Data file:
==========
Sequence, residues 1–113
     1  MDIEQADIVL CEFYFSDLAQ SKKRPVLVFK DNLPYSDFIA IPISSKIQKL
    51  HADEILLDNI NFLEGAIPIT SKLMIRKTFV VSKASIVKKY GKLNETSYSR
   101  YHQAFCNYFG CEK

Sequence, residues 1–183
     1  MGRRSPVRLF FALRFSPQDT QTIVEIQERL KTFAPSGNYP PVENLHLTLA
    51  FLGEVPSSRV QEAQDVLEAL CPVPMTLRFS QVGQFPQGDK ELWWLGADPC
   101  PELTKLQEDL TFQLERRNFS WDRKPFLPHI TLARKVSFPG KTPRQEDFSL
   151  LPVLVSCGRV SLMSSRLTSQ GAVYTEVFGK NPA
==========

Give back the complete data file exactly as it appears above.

Sequence, residues 1–113
     1  MDIEQADIVL CEFYFSDLAQ SKKRPVLVFK DNLPYSDFIA IPISSKIQKL
    51  HADEILLDNI NFLEGAIPIT SKLMIRKTFV VSKASIVKKY GKLNETSYSR
   101  YHQAFCNYFG CEK

Sequence, residues 1–183
     1  MGRRSPVRLF FALRFSPQDT QTIVEIQERL KTFAPSGNYP PVENLHLTLA
    51  FLGEVPSSRV QEAQDVLEAL CPVPMTLRFS QVGQFPQGDK ELWWLGADPC
   101  PELTKLQEDL TFQLERRNFS WDRKPFLPHI TLARKVSFPG KTPRQEDFSL
   151  LPVLVSCGRV SLMSSRLTSQ GAVYTEVFGK NPA